With wholesome thoughts, speech and action, the practitioner progresses to develop Right Effort, Right Mindfulness, and Right Concentration. With right effort, the practitioner will not be lazy or waver in his practices, while right mindfulness and right concentration can be developed through meditation and various ways in your daily lives.

When you dedicate to practising the Noble Eightfold Path diligently, you will eventually breakthrough to the first state of awakening. With this first awakening, three types of delusion will be destroyed. The first delusion that will be destroyed is that of self-identity, what we regard as ‘I’, ‘Me’, ‘Mine’ or soul that cause self-centred desires. You will now see your body and mind and everything in this universe as conditioned and compounded, and you will see that what we call a “self” is actually nothing but clinging to the five aggregates.

Secondly, any delusion about the Triple Gem will be destroyed. Before awakening, we accept the Buddha, Dhamma and Sangha out of faith – not blind faith, but faith based on understanding and analysis. However, this is still not based on our own personal experience. With the first state of awakening, any doubts about the Triple Gem will disappear, because you will see clearly for the first time based on your own experience that the Buddha is truly enlightened, the Dhamma is well expounded, and the Sangha are indeed liberated members on the good path. You will then become a firm follower of the Buddha.

Thirdly, any delusion regarding rites and rituals will be destroyed. You will realise that the Noble Eightfold Path is the only way to enlightenment, no other rites or rituals can lead to enlightenment. With the first awakening, it is guaranteed that you will eventually become enlightened. All these are achieved the moment you are awakened from the deep sleep of ignorance for the first time.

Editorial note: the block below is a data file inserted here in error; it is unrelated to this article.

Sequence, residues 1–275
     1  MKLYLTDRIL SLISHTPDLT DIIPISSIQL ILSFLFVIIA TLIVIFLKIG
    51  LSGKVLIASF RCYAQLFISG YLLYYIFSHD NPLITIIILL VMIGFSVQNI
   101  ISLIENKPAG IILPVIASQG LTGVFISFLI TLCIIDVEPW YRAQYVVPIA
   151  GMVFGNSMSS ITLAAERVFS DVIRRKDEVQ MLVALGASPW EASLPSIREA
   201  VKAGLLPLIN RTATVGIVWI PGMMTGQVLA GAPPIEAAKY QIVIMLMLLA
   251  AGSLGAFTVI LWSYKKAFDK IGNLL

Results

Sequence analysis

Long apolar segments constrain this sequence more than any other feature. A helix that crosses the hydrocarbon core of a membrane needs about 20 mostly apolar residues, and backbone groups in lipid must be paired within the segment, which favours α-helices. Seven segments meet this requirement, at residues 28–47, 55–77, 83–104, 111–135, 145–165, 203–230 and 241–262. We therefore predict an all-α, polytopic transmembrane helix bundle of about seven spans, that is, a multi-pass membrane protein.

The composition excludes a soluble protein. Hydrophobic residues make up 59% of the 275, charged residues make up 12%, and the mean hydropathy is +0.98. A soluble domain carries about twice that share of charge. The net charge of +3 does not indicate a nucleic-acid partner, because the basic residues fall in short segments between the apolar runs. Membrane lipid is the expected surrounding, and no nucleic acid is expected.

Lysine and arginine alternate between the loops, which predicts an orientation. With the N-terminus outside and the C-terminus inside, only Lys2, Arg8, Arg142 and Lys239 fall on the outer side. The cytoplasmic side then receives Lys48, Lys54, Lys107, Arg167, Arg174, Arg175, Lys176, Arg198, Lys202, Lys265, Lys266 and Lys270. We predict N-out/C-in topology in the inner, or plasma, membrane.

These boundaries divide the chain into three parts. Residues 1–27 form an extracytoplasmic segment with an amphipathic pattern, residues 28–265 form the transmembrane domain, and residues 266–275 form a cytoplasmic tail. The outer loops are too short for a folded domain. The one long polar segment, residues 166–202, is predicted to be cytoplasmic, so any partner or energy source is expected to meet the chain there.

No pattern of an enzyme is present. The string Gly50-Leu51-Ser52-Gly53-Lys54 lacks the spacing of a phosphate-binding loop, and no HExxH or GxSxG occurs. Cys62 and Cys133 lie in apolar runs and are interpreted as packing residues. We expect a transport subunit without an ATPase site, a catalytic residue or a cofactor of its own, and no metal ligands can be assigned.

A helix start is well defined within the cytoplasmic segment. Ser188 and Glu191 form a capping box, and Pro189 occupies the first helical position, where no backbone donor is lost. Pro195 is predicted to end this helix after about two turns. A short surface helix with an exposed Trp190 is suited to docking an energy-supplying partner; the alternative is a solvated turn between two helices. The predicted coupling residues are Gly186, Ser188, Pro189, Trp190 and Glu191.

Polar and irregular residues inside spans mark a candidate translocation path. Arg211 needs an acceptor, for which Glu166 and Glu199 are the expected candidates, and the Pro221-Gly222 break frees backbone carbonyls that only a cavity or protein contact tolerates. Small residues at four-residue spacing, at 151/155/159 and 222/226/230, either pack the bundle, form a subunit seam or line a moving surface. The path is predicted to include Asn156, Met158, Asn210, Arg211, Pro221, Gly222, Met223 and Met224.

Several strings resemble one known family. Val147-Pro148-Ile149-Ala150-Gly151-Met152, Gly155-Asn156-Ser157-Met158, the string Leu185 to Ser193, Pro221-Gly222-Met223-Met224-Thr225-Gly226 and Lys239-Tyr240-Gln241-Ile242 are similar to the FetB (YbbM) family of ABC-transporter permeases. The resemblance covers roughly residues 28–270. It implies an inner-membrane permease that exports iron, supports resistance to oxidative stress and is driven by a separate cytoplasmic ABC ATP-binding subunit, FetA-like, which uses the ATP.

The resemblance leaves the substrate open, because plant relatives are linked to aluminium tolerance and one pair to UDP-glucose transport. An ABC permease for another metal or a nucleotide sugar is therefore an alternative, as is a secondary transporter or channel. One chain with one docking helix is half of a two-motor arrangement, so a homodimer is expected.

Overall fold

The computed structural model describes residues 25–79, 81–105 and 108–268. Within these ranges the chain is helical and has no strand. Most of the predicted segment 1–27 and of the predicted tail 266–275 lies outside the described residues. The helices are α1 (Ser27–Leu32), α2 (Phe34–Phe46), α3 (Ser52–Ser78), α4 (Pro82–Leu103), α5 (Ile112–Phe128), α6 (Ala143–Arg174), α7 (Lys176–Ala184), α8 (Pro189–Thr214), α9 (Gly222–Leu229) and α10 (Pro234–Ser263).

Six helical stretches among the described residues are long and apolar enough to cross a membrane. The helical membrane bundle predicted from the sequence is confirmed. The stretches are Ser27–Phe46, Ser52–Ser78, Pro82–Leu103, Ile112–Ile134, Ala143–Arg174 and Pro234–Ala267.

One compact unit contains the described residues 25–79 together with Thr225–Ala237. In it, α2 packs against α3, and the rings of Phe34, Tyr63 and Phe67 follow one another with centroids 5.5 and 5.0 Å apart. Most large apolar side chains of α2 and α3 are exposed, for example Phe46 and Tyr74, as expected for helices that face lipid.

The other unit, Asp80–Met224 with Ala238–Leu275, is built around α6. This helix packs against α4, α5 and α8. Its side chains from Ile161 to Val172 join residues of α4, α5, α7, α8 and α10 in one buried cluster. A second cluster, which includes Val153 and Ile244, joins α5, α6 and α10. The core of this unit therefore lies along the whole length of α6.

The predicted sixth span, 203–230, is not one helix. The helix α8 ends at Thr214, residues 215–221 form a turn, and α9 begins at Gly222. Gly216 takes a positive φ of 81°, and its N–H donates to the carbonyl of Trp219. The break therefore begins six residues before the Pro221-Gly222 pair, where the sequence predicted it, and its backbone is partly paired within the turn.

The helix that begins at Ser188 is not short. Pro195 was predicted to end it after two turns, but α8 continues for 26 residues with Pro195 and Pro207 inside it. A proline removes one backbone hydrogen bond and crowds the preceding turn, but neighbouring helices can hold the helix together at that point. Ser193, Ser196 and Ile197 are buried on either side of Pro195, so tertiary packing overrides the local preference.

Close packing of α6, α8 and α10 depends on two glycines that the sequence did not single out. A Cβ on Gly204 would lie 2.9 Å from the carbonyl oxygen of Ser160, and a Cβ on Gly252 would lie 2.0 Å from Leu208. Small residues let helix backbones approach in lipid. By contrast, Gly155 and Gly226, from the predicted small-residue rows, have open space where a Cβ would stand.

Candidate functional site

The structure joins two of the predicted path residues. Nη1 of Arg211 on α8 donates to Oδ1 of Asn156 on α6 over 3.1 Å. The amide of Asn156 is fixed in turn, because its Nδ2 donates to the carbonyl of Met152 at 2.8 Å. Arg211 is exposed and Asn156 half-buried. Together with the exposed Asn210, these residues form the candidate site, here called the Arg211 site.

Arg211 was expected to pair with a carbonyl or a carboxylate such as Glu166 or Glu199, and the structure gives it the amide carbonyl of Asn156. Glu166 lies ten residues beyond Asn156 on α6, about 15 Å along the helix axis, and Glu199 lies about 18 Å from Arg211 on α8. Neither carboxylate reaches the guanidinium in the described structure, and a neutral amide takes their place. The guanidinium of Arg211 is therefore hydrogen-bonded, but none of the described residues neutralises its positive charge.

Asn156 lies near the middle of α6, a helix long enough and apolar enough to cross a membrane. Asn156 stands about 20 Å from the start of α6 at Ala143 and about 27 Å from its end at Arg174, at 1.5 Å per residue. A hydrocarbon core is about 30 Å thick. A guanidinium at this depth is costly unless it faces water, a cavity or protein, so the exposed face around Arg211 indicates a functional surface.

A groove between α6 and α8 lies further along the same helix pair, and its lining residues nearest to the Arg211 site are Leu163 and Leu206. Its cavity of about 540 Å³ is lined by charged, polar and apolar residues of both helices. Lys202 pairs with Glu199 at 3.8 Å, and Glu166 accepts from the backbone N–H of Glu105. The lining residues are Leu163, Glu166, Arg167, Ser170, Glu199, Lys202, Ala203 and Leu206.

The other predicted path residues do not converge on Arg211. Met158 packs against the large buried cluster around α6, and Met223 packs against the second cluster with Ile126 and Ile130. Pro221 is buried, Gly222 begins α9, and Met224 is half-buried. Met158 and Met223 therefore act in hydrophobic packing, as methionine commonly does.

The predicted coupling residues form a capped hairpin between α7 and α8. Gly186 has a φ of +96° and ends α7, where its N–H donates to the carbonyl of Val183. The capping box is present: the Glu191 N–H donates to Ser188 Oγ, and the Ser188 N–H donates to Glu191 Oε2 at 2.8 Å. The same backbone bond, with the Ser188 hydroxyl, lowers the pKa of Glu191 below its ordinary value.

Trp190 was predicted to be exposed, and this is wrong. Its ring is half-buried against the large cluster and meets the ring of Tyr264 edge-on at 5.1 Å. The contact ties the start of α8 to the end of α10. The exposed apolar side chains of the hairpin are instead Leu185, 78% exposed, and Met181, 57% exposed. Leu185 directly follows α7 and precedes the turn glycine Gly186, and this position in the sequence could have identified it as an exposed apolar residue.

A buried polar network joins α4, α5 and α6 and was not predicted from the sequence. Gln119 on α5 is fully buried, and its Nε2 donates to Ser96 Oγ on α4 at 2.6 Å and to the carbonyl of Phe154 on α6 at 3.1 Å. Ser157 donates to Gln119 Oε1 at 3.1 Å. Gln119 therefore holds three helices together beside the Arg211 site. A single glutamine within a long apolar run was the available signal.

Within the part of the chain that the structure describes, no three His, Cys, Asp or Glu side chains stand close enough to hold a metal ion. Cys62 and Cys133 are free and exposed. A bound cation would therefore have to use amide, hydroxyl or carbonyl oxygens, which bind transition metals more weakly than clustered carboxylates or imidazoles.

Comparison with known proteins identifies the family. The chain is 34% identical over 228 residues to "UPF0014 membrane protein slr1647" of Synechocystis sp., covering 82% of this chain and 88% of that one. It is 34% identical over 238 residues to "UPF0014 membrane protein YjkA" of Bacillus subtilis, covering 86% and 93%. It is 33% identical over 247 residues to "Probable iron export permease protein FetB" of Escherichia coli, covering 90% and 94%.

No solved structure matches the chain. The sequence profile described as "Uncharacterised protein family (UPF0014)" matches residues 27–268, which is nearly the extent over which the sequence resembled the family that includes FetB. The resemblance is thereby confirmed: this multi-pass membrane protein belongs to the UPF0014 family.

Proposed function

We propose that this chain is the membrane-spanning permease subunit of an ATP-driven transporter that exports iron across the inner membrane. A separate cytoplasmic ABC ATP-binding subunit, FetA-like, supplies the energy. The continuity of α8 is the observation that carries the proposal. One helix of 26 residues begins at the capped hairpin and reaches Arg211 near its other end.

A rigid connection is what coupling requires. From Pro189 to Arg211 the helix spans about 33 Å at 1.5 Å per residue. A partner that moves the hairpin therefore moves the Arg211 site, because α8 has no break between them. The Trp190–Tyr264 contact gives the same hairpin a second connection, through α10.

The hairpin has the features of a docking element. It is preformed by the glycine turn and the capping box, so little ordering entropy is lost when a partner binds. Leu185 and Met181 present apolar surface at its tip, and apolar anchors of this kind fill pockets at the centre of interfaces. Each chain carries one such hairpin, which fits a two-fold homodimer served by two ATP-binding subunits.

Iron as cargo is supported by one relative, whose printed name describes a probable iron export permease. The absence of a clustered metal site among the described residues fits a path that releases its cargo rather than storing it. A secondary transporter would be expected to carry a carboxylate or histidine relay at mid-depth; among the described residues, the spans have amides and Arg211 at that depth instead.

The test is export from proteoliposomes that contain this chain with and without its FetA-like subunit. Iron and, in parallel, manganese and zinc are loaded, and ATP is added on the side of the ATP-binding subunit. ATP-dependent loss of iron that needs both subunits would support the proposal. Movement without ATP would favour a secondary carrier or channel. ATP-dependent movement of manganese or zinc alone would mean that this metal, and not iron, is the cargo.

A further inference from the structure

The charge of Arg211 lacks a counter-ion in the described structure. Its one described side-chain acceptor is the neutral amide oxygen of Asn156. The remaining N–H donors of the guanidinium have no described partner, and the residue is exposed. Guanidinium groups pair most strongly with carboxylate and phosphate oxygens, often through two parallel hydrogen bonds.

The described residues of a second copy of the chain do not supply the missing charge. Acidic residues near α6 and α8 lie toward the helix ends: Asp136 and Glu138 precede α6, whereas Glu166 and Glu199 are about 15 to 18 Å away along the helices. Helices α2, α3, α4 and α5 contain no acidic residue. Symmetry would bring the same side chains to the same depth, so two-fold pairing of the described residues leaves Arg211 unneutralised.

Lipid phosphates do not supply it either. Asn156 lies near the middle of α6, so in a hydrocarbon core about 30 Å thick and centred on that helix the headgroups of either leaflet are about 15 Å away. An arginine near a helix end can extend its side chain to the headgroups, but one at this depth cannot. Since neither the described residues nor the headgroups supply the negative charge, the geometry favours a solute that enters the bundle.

If someone were to climb up the mountain and say, “It is very safe, cooling and peaceful up here. Up here, there is no fear or agitation.” The ones at the bottom of the mountain hear what the person says and want to give it a try to test the validity of the claim. If they take action and follow the path to climb up the mountain, they will also see for themselves, “Yes, what he said is true.” This is a simile. The person who first reached the top of the mountain is the Buddha, the path is the Dhamma, and those who followed the path to reach the peak are the noble Sangha. The moment you achieve the first awakening, you will have progressed from merely believing based on faith, to actually seeing and experiencing it for yourself, doubts will disappear.

In summary, to be a true Buddhist, you need to not just take refuge in the Triple Gem, but also follow and practise the Noble Eightfold Path, only then can you be considered a true follower of the Buddha.